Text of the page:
Some whaling businesses adapted to new industrial demands in the late nineteenth and early twentieth centuries. Others were supplanted by textile mills and glass factories. The New Bedford Cordage Company actually expanded to meet the demand for high-quality rope for private yachts. Men who had once worked as blacksmiths found employment in iron plants that produced a variety of new industrial blades. Migrants to the city found that they had numerous, more profitable employment options on land than signing on for a whaling voyage.
The Baker-Robinson Whale Oil Refinery illustrated the gradual changes to the whale processing industry. During the peak of New England whaling, this plant’s sturdy cauldrons and hydraulic press produced the finest candles, the best lubricants, and the purest oil for lamps. In the 1920s, the refinery building was converted into an ice house. Later it served as a fish processing factory for a pet food company. Finally it was abandoned and fell into disrepair. In 2010, a developer gutted the interior of the granite building to create a function room for a local hotel and convention center.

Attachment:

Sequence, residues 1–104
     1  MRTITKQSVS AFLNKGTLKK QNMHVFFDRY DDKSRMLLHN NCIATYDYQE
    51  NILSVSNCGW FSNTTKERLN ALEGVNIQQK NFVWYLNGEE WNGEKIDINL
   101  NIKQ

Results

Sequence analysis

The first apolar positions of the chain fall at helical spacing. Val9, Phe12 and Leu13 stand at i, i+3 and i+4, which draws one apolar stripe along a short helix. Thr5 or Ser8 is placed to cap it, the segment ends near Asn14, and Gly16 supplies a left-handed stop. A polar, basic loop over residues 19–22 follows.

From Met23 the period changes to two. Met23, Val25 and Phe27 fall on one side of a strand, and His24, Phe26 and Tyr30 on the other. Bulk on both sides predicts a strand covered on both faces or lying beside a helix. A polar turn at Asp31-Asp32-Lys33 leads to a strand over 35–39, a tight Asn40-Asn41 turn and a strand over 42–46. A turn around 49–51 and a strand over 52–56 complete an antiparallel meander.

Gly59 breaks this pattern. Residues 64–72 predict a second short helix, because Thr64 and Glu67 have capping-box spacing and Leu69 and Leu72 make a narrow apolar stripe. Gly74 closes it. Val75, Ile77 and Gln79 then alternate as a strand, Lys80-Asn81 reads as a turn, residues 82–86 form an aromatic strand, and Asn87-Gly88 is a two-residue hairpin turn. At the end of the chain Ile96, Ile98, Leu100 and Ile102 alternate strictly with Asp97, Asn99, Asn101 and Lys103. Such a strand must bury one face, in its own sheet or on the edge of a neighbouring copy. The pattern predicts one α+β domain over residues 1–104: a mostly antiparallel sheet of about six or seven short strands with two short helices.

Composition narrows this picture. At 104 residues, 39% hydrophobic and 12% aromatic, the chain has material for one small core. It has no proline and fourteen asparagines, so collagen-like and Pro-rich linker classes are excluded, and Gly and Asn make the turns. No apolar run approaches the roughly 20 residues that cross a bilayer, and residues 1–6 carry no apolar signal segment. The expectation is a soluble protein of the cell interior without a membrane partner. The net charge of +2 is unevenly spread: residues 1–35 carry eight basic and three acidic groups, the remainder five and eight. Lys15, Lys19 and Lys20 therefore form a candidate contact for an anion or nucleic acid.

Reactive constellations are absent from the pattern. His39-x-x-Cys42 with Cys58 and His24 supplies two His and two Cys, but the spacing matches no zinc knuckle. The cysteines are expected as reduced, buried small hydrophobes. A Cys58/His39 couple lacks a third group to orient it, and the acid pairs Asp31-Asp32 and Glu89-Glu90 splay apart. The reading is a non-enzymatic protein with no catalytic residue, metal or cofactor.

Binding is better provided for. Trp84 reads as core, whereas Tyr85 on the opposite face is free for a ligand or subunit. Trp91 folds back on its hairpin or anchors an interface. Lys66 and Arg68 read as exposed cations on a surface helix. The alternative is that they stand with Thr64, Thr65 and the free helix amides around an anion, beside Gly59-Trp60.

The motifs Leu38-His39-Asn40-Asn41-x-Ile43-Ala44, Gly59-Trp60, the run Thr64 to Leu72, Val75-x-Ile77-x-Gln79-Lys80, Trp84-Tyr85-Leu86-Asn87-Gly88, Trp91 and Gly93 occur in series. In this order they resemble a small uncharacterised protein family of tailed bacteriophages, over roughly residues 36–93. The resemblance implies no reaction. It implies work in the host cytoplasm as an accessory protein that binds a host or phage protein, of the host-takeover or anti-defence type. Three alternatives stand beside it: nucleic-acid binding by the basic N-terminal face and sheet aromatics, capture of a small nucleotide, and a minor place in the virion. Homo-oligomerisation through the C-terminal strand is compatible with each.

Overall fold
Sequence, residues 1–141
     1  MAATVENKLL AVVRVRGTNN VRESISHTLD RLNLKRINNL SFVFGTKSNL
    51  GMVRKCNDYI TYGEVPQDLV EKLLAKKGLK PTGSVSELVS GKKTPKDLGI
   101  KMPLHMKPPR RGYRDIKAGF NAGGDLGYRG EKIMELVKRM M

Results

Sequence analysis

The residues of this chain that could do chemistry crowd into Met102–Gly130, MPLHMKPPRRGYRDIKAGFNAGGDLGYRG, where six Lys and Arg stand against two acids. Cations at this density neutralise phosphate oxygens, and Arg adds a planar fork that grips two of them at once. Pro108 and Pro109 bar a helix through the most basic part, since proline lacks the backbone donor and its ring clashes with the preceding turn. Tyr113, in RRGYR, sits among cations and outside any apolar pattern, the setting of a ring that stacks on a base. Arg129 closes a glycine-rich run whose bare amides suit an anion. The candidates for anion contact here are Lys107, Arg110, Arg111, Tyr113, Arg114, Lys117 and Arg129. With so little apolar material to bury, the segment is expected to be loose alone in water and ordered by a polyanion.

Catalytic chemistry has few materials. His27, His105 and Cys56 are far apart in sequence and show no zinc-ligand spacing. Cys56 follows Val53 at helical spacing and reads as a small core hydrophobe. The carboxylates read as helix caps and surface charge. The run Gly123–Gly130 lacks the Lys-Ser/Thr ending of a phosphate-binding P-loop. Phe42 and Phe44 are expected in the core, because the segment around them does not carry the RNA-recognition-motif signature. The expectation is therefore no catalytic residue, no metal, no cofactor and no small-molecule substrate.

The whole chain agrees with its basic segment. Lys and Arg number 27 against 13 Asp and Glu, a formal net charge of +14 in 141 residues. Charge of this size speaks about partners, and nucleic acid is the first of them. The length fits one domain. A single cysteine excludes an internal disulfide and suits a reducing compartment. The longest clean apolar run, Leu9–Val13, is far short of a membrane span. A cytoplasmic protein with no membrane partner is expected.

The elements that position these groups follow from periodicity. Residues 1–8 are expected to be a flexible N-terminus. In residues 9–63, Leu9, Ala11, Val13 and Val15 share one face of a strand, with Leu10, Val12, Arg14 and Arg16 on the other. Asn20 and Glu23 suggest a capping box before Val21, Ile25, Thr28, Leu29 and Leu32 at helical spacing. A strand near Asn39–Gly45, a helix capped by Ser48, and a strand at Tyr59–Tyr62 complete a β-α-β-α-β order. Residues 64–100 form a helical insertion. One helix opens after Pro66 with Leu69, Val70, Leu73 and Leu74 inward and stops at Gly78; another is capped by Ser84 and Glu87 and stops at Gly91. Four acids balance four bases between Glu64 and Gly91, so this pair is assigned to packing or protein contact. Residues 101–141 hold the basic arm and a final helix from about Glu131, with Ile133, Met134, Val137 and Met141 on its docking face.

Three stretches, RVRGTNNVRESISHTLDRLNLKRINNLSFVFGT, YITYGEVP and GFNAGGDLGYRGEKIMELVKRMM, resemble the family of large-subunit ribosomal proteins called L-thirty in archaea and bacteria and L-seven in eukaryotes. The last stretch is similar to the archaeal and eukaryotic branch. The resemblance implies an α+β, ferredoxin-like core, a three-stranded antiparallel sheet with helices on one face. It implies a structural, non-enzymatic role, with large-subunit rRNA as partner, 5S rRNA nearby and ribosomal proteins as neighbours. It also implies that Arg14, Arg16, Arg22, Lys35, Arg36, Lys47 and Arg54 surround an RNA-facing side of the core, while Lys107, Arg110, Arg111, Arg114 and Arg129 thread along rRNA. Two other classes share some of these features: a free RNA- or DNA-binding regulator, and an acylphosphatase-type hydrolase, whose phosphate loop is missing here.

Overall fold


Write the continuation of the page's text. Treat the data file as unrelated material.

New Bedford Whaling Museum